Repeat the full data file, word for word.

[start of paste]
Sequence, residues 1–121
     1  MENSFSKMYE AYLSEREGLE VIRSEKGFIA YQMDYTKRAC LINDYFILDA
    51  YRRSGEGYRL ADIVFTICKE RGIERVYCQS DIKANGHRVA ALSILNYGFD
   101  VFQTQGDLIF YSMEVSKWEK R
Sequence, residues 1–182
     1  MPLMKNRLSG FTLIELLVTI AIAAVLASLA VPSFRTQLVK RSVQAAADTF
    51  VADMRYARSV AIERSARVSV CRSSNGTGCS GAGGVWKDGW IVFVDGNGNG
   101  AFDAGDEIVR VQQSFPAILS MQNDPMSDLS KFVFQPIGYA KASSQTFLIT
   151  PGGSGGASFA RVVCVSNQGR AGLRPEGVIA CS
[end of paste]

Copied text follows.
Sequence, residues 1–121
     1  MENSFSKMYE AYLSEREGLE VIRSEKGFIA YQMDYTKRAC LINDYFILDA
    51  YRRSGEGYRL ADIVFTICKE RGIERVYCQS DIKANGHRVA ALSILNYGFD
   101  VFQTQGDLIF YSMEVSKWEK R
Sequence, residues 1–182
     1  MPLMKNRLSG FTLIELLVTI AIAAVLASLA VPSFRTQLVK RSVQAAADTF
    51  VADMRYARSV AIERSARVSV CRSSNGTGCS GAGGVWKDGW IVFVDGNGNG
   101  AFDAGDEIVR VQQSFPAILS MQNDPMSDLS KFVFQPIGYA KASSQTFLIT
   151  PGGSGGASFA RVVCVSNQGR AGLRPEGVIA CS